Ferruccio Lamborghini never believed that racing improved the breed, with the cars his eponymous company built under his leadership all being designed more for street theater than circuit thrills. That ethos slowly changed over the years, yet Lamborghini’s first major motorsports victory came about only relatively recently. This may explain why the Italian brand’s 2021 Huracán STO is arriving conspicuously late to the street-legal, track-focused supercar party, joining the ranks of Porsche’s RS cars, long-tail McLarens, Black Series AMGs, and Ferrari’s Challenge/Scuderia/Pista/Speciale models.
Previous Lambos have proven to be blisteringly quick around many racing circuits. Think of the Huracán Performante and Aventador SVJ, both of which set lap records for production cars at the Nürburgring Nordschleife. But the Huracán STO—Super Trofeo Omologata—is the first Lamborghini designed around the specific demands of regular track use, existing essentially as a homologated version of the Huracán Super Trofeo Evo and GT3 Evo race cars.
We were briefly introduced to the STO last year when we drove a prototype at the Nardò test track in Italy. The car’s naturally aspirated 5.2-liter V-10 makes no more power and slightly less torque than the Performante—631 horsepower and 417 pound-feet of torque, to be exact—but has been tuned for sharper responses. The car also comes only with rear-wheel drive, its body is almost entirely carbon fiber (including a one-piece front clamshell), and the cabin has been largely gutted. Lamborghini claims these modifications shave 95 pounds of mass over the 3429-pound Performante, despite the STO’s addition of a new rear-axle steering system.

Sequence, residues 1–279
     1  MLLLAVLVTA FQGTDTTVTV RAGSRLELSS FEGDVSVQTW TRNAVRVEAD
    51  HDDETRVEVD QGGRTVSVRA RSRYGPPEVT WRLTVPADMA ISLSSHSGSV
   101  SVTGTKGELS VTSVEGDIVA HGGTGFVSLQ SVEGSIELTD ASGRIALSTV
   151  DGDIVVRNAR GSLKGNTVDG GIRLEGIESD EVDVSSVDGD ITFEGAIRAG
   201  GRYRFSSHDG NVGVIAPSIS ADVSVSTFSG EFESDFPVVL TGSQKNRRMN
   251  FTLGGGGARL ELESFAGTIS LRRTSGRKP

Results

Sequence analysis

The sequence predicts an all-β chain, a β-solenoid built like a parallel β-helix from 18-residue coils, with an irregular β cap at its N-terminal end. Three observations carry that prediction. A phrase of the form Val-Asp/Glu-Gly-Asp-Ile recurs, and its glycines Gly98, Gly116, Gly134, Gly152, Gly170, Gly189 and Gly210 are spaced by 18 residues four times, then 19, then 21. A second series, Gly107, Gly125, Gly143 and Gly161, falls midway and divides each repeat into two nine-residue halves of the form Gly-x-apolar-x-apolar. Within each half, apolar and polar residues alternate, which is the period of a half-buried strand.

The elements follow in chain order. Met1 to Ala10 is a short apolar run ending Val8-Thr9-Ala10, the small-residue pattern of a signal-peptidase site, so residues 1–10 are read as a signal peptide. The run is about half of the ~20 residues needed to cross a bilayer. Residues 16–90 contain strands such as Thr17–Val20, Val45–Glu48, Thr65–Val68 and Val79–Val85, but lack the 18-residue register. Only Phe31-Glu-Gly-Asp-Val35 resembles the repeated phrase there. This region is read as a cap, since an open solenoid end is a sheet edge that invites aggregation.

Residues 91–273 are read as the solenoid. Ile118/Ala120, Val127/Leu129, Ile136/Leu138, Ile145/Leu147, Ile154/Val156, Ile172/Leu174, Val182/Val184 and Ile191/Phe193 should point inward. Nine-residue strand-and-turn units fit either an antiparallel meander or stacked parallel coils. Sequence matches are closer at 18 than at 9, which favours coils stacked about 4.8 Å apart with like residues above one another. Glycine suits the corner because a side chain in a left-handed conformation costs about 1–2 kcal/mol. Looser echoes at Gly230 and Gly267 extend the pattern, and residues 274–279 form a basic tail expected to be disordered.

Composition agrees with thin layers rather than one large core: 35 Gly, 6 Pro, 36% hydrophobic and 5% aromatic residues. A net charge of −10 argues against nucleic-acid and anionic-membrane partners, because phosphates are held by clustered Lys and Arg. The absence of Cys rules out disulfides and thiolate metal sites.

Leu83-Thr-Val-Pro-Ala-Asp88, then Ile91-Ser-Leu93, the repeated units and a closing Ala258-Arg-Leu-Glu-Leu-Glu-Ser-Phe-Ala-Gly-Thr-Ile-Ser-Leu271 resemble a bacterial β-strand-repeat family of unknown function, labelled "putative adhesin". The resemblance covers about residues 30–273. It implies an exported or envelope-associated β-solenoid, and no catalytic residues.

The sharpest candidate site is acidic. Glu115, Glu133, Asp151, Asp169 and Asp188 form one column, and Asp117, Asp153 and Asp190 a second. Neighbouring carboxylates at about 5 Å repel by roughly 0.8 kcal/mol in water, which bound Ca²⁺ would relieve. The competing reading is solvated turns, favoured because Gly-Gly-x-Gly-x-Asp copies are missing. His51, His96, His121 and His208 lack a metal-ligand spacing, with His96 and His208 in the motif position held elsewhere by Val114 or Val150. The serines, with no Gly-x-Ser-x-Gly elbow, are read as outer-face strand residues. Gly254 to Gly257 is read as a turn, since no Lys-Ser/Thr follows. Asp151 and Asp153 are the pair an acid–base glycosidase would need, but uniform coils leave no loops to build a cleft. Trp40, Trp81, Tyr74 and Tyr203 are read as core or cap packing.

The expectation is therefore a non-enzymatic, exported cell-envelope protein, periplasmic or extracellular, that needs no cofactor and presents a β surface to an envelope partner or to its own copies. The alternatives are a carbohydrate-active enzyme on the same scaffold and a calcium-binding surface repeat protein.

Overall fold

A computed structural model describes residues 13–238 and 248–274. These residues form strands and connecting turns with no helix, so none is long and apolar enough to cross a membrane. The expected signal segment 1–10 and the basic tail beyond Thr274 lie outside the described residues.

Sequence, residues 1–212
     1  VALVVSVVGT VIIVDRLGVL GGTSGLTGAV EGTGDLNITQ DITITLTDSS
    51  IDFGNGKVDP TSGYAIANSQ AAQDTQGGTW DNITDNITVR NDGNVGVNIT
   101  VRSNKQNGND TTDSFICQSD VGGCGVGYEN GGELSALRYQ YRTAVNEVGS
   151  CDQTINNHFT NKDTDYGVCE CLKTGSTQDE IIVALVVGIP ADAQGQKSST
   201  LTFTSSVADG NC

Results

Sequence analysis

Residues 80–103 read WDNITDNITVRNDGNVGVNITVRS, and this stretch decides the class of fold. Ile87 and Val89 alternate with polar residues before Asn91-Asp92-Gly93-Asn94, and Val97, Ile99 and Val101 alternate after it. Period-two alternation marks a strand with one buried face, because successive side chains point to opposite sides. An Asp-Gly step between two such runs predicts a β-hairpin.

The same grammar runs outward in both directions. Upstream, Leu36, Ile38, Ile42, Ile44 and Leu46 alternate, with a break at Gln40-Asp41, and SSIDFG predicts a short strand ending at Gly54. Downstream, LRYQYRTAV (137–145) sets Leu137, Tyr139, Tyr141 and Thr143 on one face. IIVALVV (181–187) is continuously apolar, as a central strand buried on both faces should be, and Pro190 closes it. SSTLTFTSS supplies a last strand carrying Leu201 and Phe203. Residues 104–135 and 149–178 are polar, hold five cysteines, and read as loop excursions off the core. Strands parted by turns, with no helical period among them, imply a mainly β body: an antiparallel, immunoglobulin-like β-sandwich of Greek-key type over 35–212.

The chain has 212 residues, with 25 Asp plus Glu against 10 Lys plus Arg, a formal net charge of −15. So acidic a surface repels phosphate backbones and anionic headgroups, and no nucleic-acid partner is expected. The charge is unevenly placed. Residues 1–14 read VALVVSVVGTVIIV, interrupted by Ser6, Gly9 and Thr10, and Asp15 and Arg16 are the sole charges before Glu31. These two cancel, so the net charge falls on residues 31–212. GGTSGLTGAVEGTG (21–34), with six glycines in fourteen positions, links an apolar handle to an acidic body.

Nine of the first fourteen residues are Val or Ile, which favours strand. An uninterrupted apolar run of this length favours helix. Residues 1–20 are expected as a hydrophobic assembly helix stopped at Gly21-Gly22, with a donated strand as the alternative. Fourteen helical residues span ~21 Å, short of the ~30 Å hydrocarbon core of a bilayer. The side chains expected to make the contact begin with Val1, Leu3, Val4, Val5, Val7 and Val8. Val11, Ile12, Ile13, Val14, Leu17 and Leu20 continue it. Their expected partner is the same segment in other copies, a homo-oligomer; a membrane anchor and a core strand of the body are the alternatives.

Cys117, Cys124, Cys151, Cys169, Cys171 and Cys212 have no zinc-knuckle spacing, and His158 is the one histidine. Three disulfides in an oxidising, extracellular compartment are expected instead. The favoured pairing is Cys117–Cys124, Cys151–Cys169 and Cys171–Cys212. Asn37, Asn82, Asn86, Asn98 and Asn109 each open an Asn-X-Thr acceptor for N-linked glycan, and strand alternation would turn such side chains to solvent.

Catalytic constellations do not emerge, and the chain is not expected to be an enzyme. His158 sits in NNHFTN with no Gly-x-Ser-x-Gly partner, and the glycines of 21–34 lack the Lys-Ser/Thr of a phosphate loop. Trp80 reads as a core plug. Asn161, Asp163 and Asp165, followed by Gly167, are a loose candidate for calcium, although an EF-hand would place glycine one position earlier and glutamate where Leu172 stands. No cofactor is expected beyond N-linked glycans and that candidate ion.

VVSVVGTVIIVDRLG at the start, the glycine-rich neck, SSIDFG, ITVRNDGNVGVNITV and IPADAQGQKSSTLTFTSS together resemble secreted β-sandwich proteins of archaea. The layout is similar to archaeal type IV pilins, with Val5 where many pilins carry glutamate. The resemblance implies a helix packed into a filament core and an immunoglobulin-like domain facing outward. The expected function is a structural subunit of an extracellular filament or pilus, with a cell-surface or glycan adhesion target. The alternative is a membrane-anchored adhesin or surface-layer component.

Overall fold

Other key changes relate to the STO’s critically important relationships with the ground and air. The first is the fitment of model-specific Bridgestone Potenza tires in two track-oriented specifications, the more aggressive of which being little more than slicks with a few grooves cut in them. The other is the replacement of the regular Huracán’s active aerodynamics with a vast rear wing that can be manually adjusted between three positions. The most aggressive of these, working in conjunction with the front splitter and sizeable underfloor diffuser, produces a claimed 925 pounds of downforce at 174 mph.